31 The Jews therefore, because it was the preparation, that the bodies should not remain upon the cross on the sabbath day, (for that sabbath day was a high day,) besought Pilate that their legs might be broken, and that they might be taken away. 32 Then came the soldiers, and brake the legs of the first, and of the other which was crucified with him. 33 But when they came to Jesus, and saw that he was dead already, they brake not his legs: 34 But one of the soldiers with a spear pierced his side, and forthwith came there out blood and water. 35 And he that saw it bare record, and his record is true: and he knoweth that he saith true, that ye might believe. 36 For these things were done, that the scripture should be fulfilled, A bone of him shall not be broken. 37 And again another scripture saith, They shall look on him whom they pierced.
This passage concerning the piercing of Christ’s side after his death is recorded only by this evangelist.
I. Observe the superstition of the Jews, which occasioned it (v. 31): Because it was the preparation for the sabbath, and that sabbath day, because it fell in the passover-week, was a high day, that they might show a veneration for the sabbath, they would not have the dead bodies to remain on the crosses on the sabbath-day, but besought Pilate that their legs might be broken, which would be a certain, but cruel dispatch, and that then they might be buried out of sight. Note here,
1. The esteem they would be thought to have for the approaching sabbath, because it was one of the days of unleavened bread, and (some reckon) the day of the offering of the first-fruits. Every sabbath day is a holy day, and a good day, but this was a high day, megale hemera—a great day. Passover sabbaths are high days; sacrament-days, supper-days, communion-days are high days, and there ought to be more than ordinary preparation for them, that these may be high days indeed to us, as the days of heaven.
2. The reproach which they reckoned it would be to that day if the dead bodies should be left hanging on the crosses. Dead bodies were not to be left at any time (Deut. xxi. 23); yet, in this case, the Jews would have left the Roman custom to take place, had it not been an extraordinary day; and, many strangers from all parts being then at Jerusalem, it would have been an offence to them; nor could they well bear the sight of Christ’s crucified body, for, unless their consciences were quite seared, when the heat of their rage was a little over, they would upbraid them.
3. Their petition to Pilate, that their bodies, now as good as dead, might be dispatched; not by strangling or beheading them, which would have been a compassionate hastening of them out of their misery, like the coup de grace (as the French call it) to those that are broken upon the wheel, the stroke of mercy, but by the breaking of their legs, which would carry them off in the most exquisite pain. Note,
(1.) The tender mercies of the wicked are cruel.
(2.) The pretended sanctity of hypocrites is abominable. These Jews would be thought to bear a great regard for the sabbath, and yet had not regard to justice and righteousness; they made no conscience of bringing an innocent and excellent person to the cross, and yet scrupled letting a dead body hang upon the cross.
II. The dispatching of the two thieves that were crucified with him, v. 32. Pilate was still gratifying the Jews, and gave orders as they desired; and the soldiers came, hardened against all impressions of pity, and broke the legs of the two thieves, which, no doubt, extorted from them hideous outcries, and made them die according to the bloody disposition of Nero, so as to feel themselves die. One of these thieves was a penitent, and had received from Christ an assurance that he should shortly be with him in paradise, and yet died in the same pain and misery that the other thief did; for all things come alike to all. Many go to heaven that have bands in their death, and die in the bitterness of their soul. The extremity of dying agonies is no obstruction to the living comforts that wait for holy souls on the other side death. Christ died, and went to paradise, but appointed a guard to convey him thither. This is the order of going to heaven–Christ, the first-fruits and forerunner, afterwards those that are Christ’s.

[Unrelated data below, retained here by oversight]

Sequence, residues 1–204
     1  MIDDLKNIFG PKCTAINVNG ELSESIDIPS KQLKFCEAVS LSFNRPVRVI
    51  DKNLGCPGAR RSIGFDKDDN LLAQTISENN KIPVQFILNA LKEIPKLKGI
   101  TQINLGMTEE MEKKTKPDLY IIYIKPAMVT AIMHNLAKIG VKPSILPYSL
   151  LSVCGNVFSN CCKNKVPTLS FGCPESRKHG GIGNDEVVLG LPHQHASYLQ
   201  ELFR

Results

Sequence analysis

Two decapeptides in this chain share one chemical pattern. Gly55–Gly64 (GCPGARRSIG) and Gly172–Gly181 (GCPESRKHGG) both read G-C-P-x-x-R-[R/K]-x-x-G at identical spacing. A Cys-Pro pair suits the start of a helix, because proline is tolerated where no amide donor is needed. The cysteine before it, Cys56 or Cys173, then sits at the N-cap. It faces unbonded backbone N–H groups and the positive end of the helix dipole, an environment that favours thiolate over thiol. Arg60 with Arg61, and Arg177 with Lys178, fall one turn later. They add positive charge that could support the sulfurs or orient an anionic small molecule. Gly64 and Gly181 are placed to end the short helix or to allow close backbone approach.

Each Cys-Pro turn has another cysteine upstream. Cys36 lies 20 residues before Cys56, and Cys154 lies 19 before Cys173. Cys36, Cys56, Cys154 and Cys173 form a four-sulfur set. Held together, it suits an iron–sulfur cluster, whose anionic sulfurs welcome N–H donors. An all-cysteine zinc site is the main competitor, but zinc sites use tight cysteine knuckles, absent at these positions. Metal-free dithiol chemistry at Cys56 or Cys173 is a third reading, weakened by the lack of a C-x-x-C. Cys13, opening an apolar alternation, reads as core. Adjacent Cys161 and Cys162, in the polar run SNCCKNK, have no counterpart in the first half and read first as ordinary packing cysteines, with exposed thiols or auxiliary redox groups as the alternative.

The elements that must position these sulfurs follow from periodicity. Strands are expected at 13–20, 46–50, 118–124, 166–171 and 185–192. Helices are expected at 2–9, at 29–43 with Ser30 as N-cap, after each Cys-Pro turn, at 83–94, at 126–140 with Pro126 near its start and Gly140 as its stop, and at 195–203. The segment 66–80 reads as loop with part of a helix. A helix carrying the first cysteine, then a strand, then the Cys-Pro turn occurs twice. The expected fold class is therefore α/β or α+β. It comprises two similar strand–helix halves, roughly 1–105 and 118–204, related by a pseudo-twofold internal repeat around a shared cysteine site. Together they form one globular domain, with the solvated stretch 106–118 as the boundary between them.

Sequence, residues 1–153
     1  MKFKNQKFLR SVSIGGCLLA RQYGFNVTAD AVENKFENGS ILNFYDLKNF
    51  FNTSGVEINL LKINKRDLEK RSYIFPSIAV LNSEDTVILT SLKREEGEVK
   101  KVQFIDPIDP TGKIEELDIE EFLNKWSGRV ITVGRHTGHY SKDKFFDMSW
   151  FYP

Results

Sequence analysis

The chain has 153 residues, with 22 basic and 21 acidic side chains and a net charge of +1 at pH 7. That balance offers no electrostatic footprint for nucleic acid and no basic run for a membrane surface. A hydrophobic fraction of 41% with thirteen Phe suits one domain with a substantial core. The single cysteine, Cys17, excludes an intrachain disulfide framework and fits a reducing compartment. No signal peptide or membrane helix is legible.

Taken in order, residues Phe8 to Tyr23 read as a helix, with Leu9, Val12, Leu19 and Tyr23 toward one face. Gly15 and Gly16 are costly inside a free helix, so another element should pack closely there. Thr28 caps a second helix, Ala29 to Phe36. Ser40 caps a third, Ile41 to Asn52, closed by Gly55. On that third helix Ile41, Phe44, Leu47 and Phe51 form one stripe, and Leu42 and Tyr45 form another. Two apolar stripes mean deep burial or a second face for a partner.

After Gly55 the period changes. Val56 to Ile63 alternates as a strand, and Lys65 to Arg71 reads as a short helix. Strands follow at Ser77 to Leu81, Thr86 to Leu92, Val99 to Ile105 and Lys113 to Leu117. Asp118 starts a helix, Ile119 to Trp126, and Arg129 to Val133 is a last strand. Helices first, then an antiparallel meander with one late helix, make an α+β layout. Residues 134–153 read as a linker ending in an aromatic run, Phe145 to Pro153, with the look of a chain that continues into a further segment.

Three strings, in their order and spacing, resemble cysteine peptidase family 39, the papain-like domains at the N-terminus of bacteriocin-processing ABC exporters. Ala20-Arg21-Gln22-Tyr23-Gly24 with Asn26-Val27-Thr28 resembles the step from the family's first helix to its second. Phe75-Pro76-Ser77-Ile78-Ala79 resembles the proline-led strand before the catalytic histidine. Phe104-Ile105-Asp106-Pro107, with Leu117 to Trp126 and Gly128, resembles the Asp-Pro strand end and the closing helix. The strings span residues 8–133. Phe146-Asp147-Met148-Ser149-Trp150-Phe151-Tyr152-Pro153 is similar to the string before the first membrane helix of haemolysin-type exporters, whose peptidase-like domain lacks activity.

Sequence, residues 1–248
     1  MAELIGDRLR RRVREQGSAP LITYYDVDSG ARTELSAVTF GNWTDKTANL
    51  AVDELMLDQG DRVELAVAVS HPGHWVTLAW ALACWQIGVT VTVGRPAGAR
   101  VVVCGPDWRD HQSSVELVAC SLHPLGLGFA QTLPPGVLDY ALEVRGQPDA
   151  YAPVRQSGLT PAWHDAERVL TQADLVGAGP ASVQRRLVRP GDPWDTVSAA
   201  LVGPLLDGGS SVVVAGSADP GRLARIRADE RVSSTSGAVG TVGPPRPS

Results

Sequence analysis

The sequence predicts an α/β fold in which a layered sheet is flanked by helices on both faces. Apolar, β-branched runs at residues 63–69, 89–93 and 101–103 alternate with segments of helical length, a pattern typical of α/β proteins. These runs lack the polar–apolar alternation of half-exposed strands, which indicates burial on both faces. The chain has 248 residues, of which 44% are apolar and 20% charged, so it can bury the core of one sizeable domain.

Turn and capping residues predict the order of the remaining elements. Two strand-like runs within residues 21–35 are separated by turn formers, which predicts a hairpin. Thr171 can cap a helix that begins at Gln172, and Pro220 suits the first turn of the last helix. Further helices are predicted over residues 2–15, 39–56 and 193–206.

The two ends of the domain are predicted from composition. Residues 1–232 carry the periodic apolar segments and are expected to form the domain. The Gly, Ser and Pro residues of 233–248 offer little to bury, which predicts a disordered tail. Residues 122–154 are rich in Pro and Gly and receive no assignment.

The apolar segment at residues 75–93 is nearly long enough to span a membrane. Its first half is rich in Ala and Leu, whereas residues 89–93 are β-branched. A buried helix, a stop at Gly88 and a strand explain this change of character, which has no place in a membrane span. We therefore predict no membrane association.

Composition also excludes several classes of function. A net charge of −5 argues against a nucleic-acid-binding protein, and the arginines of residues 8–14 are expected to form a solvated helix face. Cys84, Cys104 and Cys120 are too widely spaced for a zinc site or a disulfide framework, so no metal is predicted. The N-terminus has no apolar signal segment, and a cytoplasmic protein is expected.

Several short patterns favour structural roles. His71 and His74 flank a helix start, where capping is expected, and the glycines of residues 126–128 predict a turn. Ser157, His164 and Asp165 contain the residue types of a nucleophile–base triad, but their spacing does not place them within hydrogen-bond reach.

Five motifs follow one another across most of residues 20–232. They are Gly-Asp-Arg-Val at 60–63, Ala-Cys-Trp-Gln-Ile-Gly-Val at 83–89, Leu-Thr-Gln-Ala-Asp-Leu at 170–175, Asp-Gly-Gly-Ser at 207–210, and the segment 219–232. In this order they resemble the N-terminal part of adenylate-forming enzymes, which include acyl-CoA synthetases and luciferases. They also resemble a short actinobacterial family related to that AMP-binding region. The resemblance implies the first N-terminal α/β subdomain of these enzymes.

III. The trial that was made whether Christ was dead or no, and the putting of it out of doubt.
1. They supposed him to be dead, and therefore did not break his legs, v. 33. Observe here,
(1.) That Jesus died in less time than persons crucified ordinarily did. The structure of his body, perhaps, being extraordinarily fine and tender, was the sooner broken by pain; or, rather, it was to show that he laid down his life of himself, and could die when he pleased, though his hands were nailed. Though he yielded to death, yet he was not conquered.
(2.) That his enemies were satisfied he was really dead. The Jews, who stood by to see the execution effectually done, would not have omitted this piece of cruelty, if they had not been sure he was got out of the reach of it.
(3.) Whatever devices are in men’s hearts, the counsel of the Lord shall stand. It was fully designed to break his legs, but, God’s counsel being otherwise, see how it was prevented.
2. Because they would be sure he was dead they made such an experiment as would put it past dispute. One of the soldiers with a spear pierced his side, aiming at his heart, and forthwith came there out blood and water, v. 34.
(1.) The soldier hereby designed to decide the question whether he was dead or no, and by this honourable wound in his side to supersede the ignominious method of dispatch they took with the other two. Tradition says that this soldier’s name was Longinus, and that, having some distemper in his eyes, he was immediately cured of it, by some drops of blood that flowed out of Christ’s side falling on them: significant enough, if we had any good authority for the story.
(2.) But God had a further design herein, which was,
[1.] To give an evidence of the truth of his death, in order to the proof of his resurrection. If he was only in a trance or swoon, his resurrection was a sham; but, by this experiment, he was certainly dead, for this spear broke up the very fountains of life, and, according to all the law and course of nature, it was impossible a human body should survive such a wound as this in the vitals, and such an evacuation thence.
[2.] To give an illustration of the design of his death. There was much of mystery in it, and its being solemnly attested (v. 35) intimates there was something miraculous in it, that the blood and water should come out distinct and separate from the same wound; at least it was very significant; this same apostle refers to it as a very considerable thing, 1 John v. 6, 8.